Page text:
We’ve been tracking news related to the coronavirus pandemic and Croatia since the country entered its lockdown March, but now we enter a new phase. Croatia has eased lockdown, is recording very new (or no) new cases and is now allowing foreign visitors to enter the country once more. But what does this all mean in a practical sense, if you’re planning on visiting Croatia in summer 2020?
Coronavirus in Croatia
Croatia has actually dealt with the outbreak very well indeed – with a lockdown earlier than other nations (the UK, for example) and travel within the country very limited during this time, for example. As of 26th May, there have only been 2,244 cases overall with, sadly, 101 deaths in the country. For the second day in a row, no new cases have been recorded; in the last four days, there has been only one new case. Additionally, there are currently only 97 active coronavirus cases across the whole of Croatia.
Croatia has also been easing out of lockdown in the first part of May. Over successive weeks, shops (aside from supermarkets) and services could reopen, public transport has resumed in towns/cities, and inter-county/city transport has been allowed to restart.
Can I visit Croatia in summer 2020?
There are two parts to this question, really.
The first part is – can I enter Croatia?
The second part is – can I reach Croatia?
Can I enter Croatia?
Yes, you can…providing you follow certain rules as displayed on the government Koronavirus.hr website. For most visitors, the very last point on that page is most valid. This states that anyone that is an EU/EEA citizen that has confirmation of an accommodation booking in Croatia can enter. Examples of confirmation include:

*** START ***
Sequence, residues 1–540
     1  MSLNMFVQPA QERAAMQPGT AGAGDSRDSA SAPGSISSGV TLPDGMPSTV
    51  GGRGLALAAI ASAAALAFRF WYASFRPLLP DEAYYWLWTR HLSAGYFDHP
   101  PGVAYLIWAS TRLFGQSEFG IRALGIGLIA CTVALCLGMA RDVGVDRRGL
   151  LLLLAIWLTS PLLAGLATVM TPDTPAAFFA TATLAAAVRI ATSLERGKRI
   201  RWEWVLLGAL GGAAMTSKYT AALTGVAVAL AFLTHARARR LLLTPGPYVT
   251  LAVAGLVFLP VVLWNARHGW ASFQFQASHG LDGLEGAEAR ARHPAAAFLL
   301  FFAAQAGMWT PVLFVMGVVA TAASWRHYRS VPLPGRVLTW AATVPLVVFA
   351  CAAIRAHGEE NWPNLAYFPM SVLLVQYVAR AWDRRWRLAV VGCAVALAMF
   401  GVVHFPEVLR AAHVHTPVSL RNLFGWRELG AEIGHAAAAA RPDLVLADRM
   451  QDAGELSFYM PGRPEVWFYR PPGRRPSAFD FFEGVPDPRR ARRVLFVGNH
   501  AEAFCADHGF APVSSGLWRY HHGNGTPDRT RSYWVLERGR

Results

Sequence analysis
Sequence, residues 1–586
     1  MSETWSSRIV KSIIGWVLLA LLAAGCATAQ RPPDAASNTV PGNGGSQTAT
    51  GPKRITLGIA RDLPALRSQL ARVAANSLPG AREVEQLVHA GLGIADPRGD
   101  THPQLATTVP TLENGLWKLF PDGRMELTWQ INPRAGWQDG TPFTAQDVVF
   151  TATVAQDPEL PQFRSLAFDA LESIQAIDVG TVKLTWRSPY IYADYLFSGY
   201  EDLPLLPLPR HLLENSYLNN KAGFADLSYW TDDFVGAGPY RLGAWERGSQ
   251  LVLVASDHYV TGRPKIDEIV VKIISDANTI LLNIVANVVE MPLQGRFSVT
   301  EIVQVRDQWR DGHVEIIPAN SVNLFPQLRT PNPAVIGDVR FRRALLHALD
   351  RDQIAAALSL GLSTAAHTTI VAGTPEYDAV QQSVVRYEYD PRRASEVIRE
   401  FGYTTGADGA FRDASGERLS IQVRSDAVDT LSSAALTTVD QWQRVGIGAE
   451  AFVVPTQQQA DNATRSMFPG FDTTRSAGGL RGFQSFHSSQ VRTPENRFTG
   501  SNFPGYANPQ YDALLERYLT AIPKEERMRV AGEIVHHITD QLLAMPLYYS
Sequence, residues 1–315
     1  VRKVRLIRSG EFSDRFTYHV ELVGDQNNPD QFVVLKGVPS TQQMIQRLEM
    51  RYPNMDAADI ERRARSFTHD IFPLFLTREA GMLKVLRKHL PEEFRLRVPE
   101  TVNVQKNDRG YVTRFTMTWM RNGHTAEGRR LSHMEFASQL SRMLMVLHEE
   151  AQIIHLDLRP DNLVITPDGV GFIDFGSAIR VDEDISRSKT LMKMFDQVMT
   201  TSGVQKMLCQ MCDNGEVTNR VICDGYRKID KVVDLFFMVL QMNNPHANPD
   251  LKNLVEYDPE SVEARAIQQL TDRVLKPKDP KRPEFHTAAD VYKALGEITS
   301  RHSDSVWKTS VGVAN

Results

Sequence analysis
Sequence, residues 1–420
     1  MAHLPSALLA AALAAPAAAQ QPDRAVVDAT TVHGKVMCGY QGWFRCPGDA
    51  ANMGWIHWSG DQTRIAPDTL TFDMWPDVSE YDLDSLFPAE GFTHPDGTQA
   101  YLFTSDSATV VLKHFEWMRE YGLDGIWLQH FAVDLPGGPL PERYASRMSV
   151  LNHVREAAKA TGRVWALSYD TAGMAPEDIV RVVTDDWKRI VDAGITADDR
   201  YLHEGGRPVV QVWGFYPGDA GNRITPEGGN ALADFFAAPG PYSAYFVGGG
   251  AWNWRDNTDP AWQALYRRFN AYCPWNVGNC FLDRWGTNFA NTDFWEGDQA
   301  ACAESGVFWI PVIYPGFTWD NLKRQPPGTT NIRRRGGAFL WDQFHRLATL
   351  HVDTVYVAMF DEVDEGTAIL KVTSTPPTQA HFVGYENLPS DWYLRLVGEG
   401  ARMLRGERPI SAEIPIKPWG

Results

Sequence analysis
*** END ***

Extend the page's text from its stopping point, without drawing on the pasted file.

- Confirmation of accommodation booking of all accommodation service providers / all types of accommodation
- Camp lease contract
- Permanent berth contract in a nautical tourism port
- Confirmation of berth reservation in a nautical tourism port
- Travel agency voucher etc.
You must provide this proof of accommodation booking on entering. It is expected visitors will soon be able to submit details of their accommodation booking online, pre-arrival to Croatia. This should speed up the border check when you enter.
If you have any questions regarding entry to Croatia, you can fill in a inquiry form on the Ministry of the Interior’s website.
Can I reach Croatia?
Many of Croatia’s visitors each year – in any ‘normal’ year – reach Croatia by car for their summer holidays. If you’re in a neighbouring/nearby country then it’s relatively straightforward for you to jump in your car and head down right now. And that’s definitely one of the ‘safest’ options in terms of social distancing and minimising interaction with others.
If you’re travelling from further afield, then you’ll likely have to rely on flying. At present, only Croatia Airlines are operating international flights connecting Zagreb with other cities in Europe. They fly twice daily to Frankfurt and return, and once to Amsterdam and return. From 1st June, they will also resume flying to Copenhagen and return.
When will airlines start flying from the UK and Ireland to Croatia?